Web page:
Dell Acquires Plural


Deal announced internally on Friday


Dell Computer has acquired Plural, a once-high-flying Web integrator in New York, a Dell spokesman confirmed for CRN on Friday.

Terms of the deal were not disclosed by the spokesman.

Other sources close to the company said Jeff Lynn, vice president and general manager of Americas for Dell Professional Services, and Plural President and CEO Neil Isford--former colleagues at IBM--have crafted a deal that gives the OEM much-needed services capabilities while bailing out the troubled Web integrator, which has been hit hard by the dot-com collapse and economic downturn.

Plural is a privately held technology consulting, application development and solutions integrator and was formerly known as Micro Modeling Associates.

Dell has long been rumored to be eyeing a buy in the technology services market. However, in the past few months, Dell has talked openly about making a series of small acquisitions in the services space, sources also said. The deal will get strong backing from Microsoft, which made a number of investments in Plural, including the establishment of the Wall Street Solution Lab with the Silicon Alley integrator.

One Wall Street analyst said he is unaware of the deal with Plural but not surprised. "Dell's posture on acquisitions has eased up a bit lately, leaving the door open for some small acquisitions," said Steve Fortuna, first vice president, Merrill Lynch, New York.

According to research firm Dataquest, the direct marketer of PCs, notebook and servers is under considerable financial pressure to add a services capability as profits from low-cost commodity hardware slows down. While hardware revenue is down more than 20 percent, technology services revenue is down between 10 percent and 13 percent, the analyst said.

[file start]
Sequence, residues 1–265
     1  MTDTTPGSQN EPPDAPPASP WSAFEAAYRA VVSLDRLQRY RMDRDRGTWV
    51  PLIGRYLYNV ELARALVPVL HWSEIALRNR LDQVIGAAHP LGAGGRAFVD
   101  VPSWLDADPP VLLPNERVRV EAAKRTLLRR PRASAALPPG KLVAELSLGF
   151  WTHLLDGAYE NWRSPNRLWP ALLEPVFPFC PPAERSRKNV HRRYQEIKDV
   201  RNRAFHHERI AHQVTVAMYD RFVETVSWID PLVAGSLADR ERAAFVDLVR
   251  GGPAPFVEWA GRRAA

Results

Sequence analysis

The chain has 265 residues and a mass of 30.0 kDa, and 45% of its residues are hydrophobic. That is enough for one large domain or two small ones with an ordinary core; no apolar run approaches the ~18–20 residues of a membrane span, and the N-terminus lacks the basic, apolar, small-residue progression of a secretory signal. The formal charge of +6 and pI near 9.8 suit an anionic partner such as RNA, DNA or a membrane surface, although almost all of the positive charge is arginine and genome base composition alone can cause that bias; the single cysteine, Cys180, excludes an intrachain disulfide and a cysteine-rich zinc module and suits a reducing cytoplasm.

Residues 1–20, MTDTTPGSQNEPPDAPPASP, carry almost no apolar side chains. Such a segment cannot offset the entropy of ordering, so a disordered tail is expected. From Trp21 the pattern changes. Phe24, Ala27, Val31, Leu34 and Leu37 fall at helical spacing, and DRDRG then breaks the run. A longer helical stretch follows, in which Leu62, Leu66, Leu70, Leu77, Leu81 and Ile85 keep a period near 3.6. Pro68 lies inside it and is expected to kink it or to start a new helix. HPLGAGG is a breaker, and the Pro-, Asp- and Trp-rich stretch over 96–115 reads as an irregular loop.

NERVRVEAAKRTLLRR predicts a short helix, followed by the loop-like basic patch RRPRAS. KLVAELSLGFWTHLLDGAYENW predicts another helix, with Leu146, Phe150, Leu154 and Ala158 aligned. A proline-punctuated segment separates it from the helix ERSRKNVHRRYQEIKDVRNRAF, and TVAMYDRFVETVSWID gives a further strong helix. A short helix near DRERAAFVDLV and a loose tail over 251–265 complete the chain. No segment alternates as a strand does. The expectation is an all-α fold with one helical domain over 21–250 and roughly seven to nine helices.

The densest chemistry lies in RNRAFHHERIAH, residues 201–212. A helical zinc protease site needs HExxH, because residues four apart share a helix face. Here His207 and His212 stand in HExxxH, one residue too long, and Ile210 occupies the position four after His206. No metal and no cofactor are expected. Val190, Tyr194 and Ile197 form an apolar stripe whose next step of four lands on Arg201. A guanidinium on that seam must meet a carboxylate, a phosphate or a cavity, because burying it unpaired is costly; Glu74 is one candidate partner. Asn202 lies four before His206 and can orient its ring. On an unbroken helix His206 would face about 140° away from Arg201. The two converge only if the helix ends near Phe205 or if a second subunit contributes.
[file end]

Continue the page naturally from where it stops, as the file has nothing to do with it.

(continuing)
"If Dell wants to play in the big leagues, they have to get into services," said James Cassell, a group vice president at Dataquest Research, a unit of Gartner. "When you have an economic downturn, if all you are is a hardware vendor, you get hit hard on your revenue line."

Cassell pointed out that services revenue represents a significant financial stream for Dell's competitors. Services, for example, currently make up about 40 percent of IBM's revenue, 20 percent of Hewlett-Packard's and 75 percent of Unisys'.

However, two sources claim the deal with Plural is a big risk for Dell because of the Web integrator's shaky position in the market. "The acquisition of this company will throw Dell's services strategy into question," said one source familiar with the deal. "Unfortunately, this will be a bad deal for Dell due to Plural's internal collapse, and will likely have a very negative impact on their services strategy."

Another source said Microsoft "will be thrilled to recover some of their investment."

Lynn is a former IBM exec who first went to Compaq before joining Dell. Isford, a 20-year veteran of IBM who helped set up the vendor's e-business services practices, was appointed CEO of Plural in December 2000.

Plural offers technology consulting, application development and solution integration services, and has practices in collaboration and content management, e-commerce and CRM, enterprise application development and integration and business intelligence.

AMY ROGERS contributed to this story.